2. Try using Select -> "Color Range..." to make a selection superior to anything you'll be able to make with the magic wand tool. Again, use a copied layer to play around with the image's contrast and color balance beforehand to create better separation between subject and background. You can use the eyedroppers within this tool to add and subtract colors from your selection (one has a "+" next to it, one has a "-"), and you can also play around with the selection's tolerance on the fly. Once you've made your selection, invert it and you've got your mask.
3. Either of the previous two methods may still allow some background color to bleed through. To get rid of the bleed you can create another mask based on the edges of your first mask. Start by loading the layer mask you just made as the current selection (command-click the mask in the layers palate). Then go to Select -> "Modify" -> "Border" and pick a number appropriate for the resolution of the image you're working with (anywhere from 4-10 pixels, usually). This will select what amounts to a thin piping around your subject. Feather this selection. If you know the color of the new background that your subject will be in front of you can place that new background on the top layer, apply the selection as a mask to this layer, then play around with transparency and blending modes until you get a result you like. If you need the subject cutout to transparency, you can use this border selection to simply add or subtract from the layer mask on your primary cutout layer.
I'm aware that this may not make a whole lot of sense as you read it, but give it a try, play around with the tools I've mentioned and eventually you'll get it. If you find yourself pulling your hair out (he he) over all of this you can always spring for a cutout plugin, like the one Corel makes. These are made for problems like yours. Good luck!
(**I learned these tricks from David Blatner and Bruce Fraser's book "Real World Photoshop." No, I have no other relationship with these guys ... I've worked in print production for six years and have experimented with many methods. Theirs are the best I've come across.)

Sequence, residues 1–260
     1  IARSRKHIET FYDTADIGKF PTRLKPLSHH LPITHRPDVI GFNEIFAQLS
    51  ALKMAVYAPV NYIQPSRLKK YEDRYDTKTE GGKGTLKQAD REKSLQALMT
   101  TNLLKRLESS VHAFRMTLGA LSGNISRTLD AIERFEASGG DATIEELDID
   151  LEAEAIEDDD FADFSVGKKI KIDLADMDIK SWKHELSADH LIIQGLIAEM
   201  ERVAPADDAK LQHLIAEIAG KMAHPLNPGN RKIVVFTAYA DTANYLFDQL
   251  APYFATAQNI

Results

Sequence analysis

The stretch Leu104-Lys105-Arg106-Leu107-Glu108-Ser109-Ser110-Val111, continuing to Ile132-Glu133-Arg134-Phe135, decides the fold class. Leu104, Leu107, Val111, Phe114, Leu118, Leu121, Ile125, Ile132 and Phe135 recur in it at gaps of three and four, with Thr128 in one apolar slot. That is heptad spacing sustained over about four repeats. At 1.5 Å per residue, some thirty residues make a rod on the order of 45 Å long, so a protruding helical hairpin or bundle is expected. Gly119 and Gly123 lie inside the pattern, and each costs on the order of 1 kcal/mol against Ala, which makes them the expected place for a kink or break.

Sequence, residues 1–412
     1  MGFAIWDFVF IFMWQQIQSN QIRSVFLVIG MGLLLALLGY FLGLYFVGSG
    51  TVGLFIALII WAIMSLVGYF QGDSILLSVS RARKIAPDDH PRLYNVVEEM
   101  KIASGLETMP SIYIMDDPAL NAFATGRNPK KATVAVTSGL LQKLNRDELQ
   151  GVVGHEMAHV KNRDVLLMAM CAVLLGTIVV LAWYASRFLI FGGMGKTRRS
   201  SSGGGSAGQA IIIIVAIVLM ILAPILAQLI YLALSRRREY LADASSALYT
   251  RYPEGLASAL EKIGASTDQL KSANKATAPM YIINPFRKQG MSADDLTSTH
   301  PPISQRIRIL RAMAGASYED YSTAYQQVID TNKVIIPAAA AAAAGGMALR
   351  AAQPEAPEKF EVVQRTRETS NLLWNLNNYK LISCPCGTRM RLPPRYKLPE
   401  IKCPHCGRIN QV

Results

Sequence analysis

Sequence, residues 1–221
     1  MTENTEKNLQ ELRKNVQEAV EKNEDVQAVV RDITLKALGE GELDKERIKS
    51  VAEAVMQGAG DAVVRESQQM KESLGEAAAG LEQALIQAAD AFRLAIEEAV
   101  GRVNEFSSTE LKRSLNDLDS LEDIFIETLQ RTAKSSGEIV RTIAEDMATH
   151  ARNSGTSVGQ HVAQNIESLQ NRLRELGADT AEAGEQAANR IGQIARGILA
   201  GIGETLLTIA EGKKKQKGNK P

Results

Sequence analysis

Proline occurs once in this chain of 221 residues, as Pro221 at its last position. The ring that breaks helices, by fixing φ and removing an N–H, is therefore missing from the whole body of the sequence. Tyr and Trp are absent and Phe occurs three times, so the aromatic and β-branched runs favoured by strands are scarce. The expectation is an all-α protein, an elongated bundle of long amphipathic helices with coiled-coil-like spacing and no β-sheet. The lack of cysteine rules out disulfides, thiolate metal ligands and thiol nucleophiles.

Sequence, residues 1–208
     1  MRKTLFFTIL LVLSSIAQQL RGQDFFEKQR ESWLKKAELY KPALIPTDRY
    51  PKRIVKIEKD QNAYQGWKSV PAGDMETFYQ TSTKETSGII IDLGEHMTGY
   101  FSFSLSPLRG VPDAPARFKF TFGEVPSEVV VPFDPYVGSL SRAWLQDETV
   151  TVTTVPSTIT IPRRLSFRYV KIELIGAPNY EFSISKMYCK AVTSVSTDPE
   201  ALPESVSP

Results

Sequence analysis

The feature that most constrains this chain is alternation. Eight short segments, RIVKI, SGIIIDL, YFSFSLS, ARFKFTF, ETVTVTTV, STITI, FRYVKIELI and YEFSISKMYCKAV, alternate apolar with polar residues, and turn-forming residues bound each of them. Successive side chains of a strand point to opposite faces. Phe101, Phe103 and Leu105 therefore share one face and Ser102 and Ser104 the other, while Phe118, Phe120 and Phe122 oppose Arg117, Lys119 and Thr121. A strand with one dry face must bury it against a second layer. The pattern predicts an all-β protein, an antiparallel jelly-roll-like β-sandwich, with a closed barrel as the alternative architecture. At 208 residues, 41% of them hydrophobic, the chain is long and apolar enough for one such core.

There is a great Russel Brown tutorial (Google Russel Brown because for some reason I can't include the web site) which I think does what you want. It's the very last tut on his page called Advanced Masking.
It sort of summarizes what everybody has said.
Thank you very much, everyone, for your inputs! I was successfully extracting the green background using the color range method. For the area where the hair is transparent, I used clone tool to cover it. Anyways, thanks again everyone!
[sunriseseagull] "I shot my subject again an evenly lit green screen and used the magic wand tool to take out the background."
As long as your subject isn't wearing any green a good way to go would be to duplicate the Red channel (or whichever channel has the greatest contrast between your green background and your foreground) from your image (creating an alpha channel) then use level adjustments on the alpha channel to make the darker background entirely black. Cmd-click (ctrl-click) the alpha channel to make a selection from it, go back to your original image, duplicate it and add a layer mask (Reveal Selection). Then you can use level adjustments while you have the layer mask selected to get the right balance.
If the Green channel has the highest contrast between foreground and background you can still use this technique, only you'd want to move the background to pure white with levels and then invert the alpha channel.